Parents of college-bound kids dream of full tuition scholarship and full ride scholarships. For the majority of students, this is not going to become a reality. Most families are going to need to contribute to the cost of college. However, there are opportunities for full tuition and full ride scholarships out there. You just need to know how to find them. I am going to explain more about these scholarships and the different types offered and then tell you where you can find 448 full tuition (or better) academic scholarships that your student could be eligible for.
First, let me define the difference:
A Full Ride Scholarship will pay for tuition, fees, room and board, and possibly throw in some money for other things like books, research, a laptop or study abroad.
A Full Tuition Scholarship will cover the cost of yearly tuition. Some also pay fees, others do not.
Both of these types of scholarships will save a family from tens of thousands of dollars to well over $100,000 and even over $200,000 at the most expensive colleges.
There are generally three types of full tuition scholarships and full ride scholarships offered directly by colleges:
- Need Based – These are based on the family’s ability to pay for college, usually assessed through the FAFSA and/or CSS Profile. Only the neediest students will qualify for full tuition or full ride need-based scholarships.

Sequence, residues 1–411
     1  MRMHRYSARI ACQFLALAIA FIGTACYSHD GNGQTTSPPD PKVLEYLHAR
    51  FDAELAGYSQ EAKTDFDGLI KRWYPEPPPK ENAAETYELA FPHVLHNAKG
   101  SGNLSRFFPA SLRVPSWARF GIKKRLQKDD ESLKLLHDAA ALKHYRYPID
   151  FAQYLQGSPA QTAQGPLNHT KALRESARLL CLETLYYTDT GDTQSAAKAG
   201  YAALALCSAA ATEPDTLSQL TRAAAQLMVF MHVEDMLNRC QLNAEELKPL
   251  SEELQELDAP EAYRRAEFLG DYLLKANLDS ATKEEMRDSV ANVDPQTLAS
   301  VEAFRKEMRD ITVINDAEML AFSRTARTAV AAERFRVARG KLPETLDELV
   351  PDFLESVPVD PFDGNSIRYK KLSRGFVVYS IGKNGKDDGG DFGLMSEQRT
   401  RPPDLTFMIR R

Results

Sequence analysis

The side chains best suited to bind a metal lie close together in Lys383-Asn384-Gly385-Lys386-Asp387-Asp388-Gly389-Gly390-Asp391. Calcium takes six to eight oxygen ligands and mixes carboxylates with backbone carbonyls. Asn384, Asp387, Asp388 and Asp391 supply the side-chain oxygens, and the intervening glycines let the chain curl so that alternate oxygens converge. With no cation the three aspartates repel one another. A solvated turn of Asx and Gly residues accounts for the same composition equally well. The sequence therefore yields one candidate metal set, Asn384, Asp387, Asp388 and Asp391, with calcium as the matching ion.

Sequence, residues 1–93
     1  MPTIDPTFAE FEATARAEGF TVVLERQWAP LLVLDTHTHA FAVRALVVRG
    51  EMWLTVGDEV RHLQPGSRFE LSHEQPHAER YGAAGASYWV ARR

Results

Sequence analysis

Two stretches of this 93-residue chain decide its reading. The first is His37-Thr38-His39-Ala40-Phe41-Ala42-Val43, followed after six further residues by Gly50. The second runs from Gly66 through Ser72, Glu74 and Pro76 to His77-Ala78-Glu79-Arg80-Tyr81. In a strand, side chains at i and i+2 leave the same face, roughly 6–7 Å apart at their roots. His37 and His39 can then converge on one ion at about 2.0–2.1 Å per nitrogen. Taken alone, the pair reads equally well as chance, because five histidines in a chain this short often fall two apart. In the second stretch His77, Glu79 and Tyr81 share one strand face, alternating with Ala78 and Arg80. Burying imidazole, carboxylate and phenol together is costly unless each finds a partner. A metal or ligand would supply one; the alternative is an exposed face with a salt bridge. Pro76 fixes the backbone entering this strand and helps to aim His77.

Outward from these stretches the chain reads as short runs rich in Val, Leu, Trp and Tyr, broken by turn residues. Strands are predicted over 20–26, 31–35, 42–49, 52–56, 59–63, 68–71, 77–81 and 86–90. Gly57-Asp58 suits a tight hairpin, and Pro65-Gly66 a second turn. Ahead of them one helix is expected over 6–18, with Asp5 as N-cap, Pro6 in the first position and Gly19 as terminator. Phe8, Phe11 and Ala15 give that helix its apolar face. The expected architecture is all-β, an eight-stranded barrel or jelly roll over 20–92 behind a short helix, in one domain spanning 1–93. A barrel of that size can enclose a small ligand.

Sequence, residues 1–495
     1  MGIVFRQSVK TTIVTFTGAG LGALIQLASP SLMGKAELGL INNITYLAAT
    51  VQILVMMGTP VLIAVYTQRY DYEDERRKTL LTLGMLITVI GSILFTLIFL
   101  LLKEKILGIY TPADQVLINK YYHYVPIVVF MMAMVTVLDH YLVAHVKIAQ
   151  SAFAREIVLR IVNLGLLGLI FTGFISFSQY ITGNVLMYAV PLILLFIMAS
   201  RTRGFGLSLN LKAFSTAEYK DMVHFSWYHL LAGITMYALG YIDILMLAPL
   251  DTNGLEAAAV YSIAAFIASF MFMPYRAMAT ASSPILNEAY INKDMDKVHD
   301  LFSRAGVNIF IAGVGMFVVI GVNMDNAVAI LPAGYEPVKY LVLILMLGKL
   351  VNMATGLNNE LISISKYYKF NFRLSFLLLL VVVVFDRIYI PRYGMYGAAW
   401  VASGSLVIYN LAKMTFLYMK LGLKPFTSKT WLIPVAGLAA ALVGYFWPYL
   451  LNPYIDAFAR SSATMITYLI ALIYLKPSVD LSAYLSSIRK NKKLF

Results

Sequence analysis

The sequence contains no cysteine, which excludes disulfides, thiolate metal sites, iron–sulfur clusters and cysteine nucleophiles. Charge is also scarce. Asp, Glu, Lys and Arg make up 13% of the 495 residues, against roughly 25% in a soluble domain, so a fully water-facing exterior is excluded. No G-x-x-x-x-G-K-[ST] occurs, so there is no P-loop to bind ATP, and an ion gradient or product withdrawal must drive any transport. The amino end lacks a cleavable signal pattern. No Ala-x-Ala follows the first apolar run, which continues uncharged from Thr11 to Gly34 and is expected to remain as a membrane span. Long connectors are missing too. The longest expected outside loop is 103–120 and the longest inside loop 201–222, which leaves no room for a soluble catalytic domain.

- Talent Based – These could be athletic scholarships or scholarships for things like dance, theater, art or music. Full tuition and full ride athletic scholarships may be offered by Division 1, Division 2 and NAIA colleges. As for other talents, it is very rare to find scholarships offering full tuition or better. Most “artistic” talent scholarships are limited to a few thousand dollars.
- Merit Based or Academic – Academic scholarships are based on the student’s performance in high school. The evaluation is usually based on National Merit Scholarship finalist/semi-finalist status or a combination of grade point average (GPA), ACT or SAT score, class rank, and possibly other things such as leadership experience, community service, and the difficulty of the student’s classes.
I’m going to focus primarily on finding full tuition (or better) academic scholarships because these are the ones that are hardest to find. A few years ago, I created the Full Scholarship List out of frustration that there wasn’t a complete resource available to find full tuition scholarships and full ride scholarships based on merit. There are a few websites with limited and often out of date lists. Also, I wanted to see scholarships offered directly by colleges, not those 1 in a million scholarships offered by corporations and private foundations.
I envisioned a spreadsheet, where I could search by different characteristics like required ACT or SAT score, required GPA, school location, and scholarship amount. That is what I created. It was a various tedious process, but I felt it was important for other parents to have this resource.
While I do include a few great merit scholarships that are less than full tuition on the Full Scholarship List, there are 448 full tuition (or better) academic scholarships listed. These are offered to top students who apply. Are we talking Ivy League colleges? No, most top colleges don’t need to offer academic scholarships to attract great students. But that doesn’t mean these are all non-competitive colleges either. Just a few of the schools on the list include Duke, Claremont McKenna, UCLA, USC, Colorado College and Wake Forest.
If you have a top student and you are looking for a great deal on college, check out the academic scholarships on the Full Scholarship List. You may end up saving $100,000 or more on your kid’s college education.